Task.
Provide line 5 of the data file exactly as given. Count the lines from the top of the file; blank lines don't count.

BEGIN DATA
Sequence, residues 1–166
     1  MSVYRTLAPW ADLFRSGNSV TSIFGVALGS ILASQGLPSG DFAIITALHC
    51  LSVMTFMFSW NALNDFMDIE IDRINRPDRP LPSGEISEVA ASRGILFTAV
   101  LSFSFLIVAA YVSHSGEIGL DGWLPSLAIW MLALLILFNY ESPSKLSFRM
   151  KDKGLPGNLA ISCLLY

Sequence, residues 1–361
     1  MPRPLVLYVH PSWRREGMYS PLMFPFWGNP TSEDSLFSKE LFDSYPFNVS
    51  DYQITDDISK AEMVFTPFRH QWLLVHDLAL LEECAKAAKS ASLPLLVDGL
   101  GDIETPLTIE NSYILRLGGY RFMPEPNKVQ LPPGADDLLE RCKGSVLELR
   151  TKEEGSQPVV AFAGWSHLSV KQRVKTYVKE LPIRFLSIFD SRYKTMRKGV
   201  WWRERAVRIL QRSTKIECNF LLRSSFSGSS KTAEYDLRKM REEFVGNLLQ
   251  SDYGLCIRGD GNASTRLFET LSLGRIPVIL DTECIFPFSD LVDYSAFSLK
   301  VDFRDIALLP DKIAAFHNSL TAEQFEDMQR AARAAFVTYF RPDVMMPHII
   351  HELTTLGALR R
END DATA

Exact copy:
   151  KDKGLPGNLA ISCLLY